I want to thank David Niemeyer and his band from Warren High School for playing the National Anthem. I would also like to thank the mayor's veterans sub-committee for their support and input with this celebration.

I would also thank Jason Chacon and the rest of Parks & Recreation staff for their assistance in seeing this come to fruition. And special thanks to Montebello Post 272 Honor Guard for posting the colors. Thanks also to my fellow veterans who attended this celebration.

Finally, thanks go to our Mayor Rick Rodriguez and his staff for his support.

Ray Gard
Post Commander
Post 270
Downey

Ian Smith

October 10, 1950 - March 11, 2019

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Ian Smith was born in Westminster, British Columbia, Canada to Gwen and Cecil Smith on October 19, 1950. He and his sister Diana enjoyed playing in the forest which surrounded their home in West Vancouver. Ian’s family moved to Downey in 1965 and Ian attended Griffiths Middle School and Warren High School where he was on the swim team and was Student Body President.

Ian received a Masters Degree in Student Personal and Guidance at Oklahoma State University. He took two voyages around the world on Semester at Sea where he was Director of Student Activities.

Ian was active in youth work at First Baptist Church of Downey where he taught High School and College Sunday school. Many regard Ian as a mentor and example of enthusiasm for life and love of God. His big smile and love for people will be missed.

Ian received a heart transplant in 2006 which gave him an extra twelve years of life. He died at home from complications of heart failure, surrounded by family, on March 11, 2019. Ian is survived by his sister Diana Edmonds, his wife of 45 years, Vickie, and children Zachary (Katheryn) Smith, Landon, and Brittany (Scotty) Denton, and six grandchildren.

A memorial service will be held on Saturday, March 23, at 1:00 pm at The First Presbyterian Church of Downey. In lieu of flowers, the family requests donations in support of Caring for Orphans Mozambique, of which Ian was a board member at caringfororphans.com.

Robert Gifford Cormack

October 27, 1919 - February 21, 2019

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Robert was proceeded in death by his first wife, Louise and their 3 sons Robert, Harold (Sherri) and Steven. He is survived by his second wife Faith, daughter Sharon (Tim) granddaughter Destiny, grandson Logan. Son Darryl (Tessie) grandson Darren (Geneva) great grandson Nolan, granddaughter Ashley, great granddaughter Janay, his beloved dog Bear and bird Rooster.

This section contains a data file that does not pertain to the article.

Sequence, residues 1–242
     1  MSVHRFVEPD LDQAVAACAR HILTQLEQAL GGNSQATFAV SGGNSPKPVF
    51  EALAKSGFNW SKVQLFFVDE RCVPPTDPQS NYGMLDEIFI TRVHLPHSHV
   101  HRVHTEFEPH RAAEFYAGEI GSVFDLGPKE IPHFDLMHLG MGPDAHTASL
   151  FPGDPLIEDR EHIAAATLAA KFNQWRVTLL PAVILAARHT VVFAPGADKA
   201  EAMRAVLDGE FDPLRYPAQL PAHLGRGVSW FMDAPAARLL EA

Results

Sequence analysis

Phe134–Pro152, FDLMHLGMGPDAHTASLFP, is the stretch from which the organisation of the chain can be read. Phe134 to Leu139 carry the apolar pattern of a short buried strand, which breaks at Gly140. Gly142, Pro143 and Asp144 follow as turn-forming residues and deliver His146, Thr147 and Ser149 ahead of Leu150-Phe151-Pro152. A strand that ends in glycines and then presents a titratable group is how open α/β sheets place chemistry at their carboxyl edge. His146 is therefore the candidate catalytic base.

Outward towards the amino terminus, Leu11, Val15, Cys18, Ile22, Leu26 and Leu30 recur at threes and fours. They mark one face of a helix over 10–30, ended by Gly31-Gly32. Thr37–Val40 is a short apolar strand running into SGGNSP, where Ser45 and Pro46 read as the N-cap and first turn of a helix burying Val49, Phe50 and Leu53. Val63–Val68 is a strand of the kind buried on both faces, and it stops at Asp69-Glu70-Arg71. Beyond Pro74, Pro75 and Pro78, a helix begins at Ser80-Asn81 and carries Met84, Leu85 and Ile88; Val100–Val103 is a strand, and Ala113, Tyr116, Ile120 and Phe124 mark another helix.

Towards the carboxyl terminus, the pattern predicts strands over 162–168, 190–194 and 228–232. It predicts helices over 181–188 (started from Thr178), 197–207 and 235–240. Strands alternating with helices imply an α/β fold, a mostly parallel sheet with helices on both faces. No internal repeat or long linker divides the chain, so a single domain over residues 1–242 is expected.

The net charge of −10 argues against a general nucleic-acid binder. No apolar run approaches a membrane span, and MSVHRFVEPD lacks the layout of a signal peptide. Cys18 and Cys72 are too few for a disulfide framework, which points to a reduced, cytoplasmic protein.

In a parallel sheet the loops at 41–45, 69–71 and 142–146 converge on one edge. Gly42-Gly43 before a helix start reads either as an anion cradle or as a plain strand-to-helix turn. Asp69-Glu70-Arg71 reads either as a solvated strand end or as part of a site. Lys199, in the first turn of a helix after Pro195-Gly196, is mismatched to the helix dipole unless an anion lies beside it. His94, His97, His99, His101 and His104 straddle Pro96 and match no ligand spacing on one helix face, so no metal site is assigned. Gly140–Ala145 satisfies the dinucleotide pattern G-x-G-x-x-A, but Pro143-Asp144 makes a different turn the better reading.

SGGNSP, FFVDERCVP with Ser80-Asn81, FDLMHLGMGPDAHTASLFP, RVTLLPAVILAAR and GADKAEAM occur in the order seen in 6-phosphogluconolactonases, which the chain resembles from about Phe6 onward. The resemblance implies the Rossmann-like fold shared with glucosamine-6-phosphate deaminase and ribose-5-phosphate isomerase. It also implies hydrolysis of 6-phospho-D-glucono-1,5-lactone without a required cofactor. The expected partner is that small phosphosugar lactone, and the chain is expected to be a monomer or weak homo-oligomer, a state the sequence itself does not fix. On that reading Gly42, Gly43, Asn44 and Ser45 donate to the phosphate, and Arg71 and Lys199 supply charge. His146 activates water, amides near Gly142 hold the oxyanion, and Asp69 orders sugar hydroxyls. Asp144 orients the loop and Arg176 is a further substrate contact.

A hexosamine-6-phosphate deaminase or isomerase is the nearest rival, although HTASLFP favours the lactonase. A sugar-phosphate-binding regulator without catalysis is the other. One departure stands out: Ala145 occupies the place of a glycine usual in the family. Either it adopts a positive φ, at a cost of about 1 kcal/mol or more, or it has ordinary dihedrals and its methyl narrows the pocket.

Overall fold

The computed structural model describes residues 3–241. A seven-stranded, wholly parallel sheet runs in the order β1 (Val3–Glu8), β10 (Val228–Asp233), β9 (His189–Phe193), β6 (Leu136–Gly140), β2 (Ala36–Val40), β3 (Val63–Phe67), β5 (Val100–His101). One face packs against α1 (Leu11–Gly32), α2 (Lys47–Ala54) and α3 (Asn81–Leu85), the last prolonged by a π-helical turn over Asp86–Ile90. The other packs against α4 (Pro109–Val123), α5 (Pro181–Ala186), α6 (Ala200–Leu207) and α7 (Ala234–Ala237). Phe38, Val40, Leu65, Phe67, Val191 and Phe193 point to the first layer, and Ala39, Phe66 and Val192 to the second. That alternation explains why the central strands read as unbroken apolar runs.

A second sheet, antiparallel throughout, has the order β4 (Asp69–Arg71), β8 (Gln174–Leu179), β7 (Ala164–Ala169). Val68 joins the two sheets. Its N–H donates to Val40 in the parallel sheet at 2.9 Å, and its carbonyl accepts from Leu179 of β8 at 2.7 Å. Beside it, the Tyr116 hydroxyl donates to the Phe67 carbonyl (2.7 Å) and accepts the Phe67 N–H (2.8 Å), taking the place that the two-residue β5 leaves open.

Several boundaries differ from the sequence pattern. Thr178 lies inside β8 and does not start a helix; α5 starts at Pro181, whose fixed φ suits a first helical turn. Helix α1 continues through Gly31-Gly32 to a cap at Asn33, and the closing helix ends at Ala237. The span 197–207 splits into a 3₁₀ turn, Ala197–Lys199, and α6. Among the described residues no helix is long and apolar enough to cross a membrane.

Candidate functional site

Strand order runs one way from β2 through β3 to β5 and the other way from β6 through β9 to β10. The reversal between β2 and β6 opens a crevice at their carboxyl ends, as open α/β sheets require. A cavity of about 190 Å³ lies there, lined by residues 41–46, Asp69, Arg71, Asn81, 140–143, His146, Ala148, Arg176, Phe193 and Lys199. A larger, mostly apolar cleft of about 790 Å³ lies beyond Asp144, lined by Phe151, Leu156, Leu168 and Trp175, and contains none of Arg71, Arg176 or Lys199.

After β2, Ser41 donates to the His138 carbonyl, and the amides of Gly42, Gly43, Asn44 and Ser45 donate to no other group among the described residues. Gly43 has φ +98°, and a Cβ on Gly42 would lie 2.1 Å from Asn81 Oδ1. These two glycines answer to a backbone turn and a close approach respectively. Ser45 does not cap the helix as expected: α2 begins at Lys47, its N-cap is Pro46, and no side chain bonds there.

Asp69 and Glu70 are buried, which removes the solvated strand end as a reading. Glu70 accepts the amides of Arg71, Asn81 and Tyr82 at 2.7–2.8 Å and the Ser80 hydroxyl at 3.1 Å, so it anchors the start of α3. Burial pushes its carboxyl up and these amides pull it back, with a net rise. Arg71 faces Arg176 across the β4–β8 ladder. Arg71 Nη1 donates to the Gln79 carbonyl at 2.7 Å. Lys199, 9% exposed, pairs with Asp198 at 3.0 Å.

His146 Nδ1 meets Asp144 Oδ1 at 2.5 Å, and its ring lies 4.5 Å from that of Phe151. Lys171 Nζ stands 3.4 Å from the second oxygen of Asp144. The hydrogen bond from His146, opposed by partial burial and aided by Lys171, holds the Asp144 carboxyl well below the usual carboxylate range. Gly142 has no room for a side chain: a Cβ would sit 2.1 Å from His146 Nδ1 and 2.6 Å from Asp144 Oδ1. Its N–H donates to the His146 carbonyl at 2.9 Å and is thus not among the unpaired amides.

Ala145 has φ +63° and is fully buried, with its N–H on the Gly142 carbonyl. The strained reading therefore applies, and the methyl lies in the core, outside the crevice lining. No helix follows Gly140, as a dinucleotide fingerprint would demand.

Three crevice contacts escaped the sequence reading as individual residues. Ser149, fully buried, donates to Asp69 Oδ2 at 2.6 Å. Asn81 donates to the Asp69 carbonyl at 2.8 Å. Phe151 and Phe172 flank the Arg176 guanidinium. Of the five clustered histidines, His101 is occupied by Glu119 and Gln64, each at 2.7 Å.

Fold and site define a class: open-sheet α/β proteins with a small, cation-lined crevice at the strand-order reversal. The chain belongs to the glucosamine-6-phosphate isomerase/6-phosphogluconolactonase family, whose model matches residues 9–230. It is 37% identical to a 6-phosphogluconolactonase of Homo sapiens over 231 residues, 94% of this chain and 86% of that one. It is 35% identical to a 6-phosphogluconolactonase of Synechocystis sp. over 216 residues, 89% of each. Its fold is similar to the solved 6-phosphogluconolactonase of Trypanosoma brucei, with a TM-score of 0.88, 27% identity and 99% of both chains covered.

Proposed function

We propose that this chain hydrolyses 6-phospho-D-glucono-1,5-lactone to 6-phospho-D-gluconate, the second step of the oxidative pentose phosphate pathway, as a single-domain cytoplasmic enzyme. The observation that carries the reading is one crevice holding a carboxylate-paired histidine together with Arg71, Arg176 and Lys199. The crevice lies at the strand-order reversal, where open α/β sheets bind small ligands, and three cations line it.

Robert “Grandpa” was a man who wore many hats (let’s not forget those cowboy boots). They included Husband, Father, Uncle, Grandpa, Great Grandpa, US Army World War II Vet, two term Mayor of Downey, City Council, School Board Member, successful business owner, Master in Engineering, world traveler, pilot, and a faithful servant of the Lord. The hat that was most important, was that of being a Grandpa. Every child should be so blessed as his grandchildren were.

We will celebrate his incredible life at Florence Ave. Foursquare Church (11457 Florence Ave.) in Santa Fe Springs Friday, March 15th at 11:00am. In lieu of flowers, the family request donations to be made to Florence Ave Church in care of the Trevor Owens Foundation for Children’s Ministry.

Ava Michael

March 11, 1933 - February 27, 2019

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It is with great sadness that the family of Ava Michael announce her passing on February 27, 2019.

Ava was a long time resident of Downey. She was previously active with the Downey Little League and in 1979 obtained her Real Estate license and became active with the local Downey Association of Realtors for many years.

She was preceded in death by her husband of 45 years, Floyd “Mike” Michael in 2009.

She will be lovingly remembered by her children, Floyd “Alan” Michael and Sherry (Brian) Blair; granddaughters, Jennifer (Lyn), Stephanie and Mariah; and great grandsons, Alex, Andrew and Austin.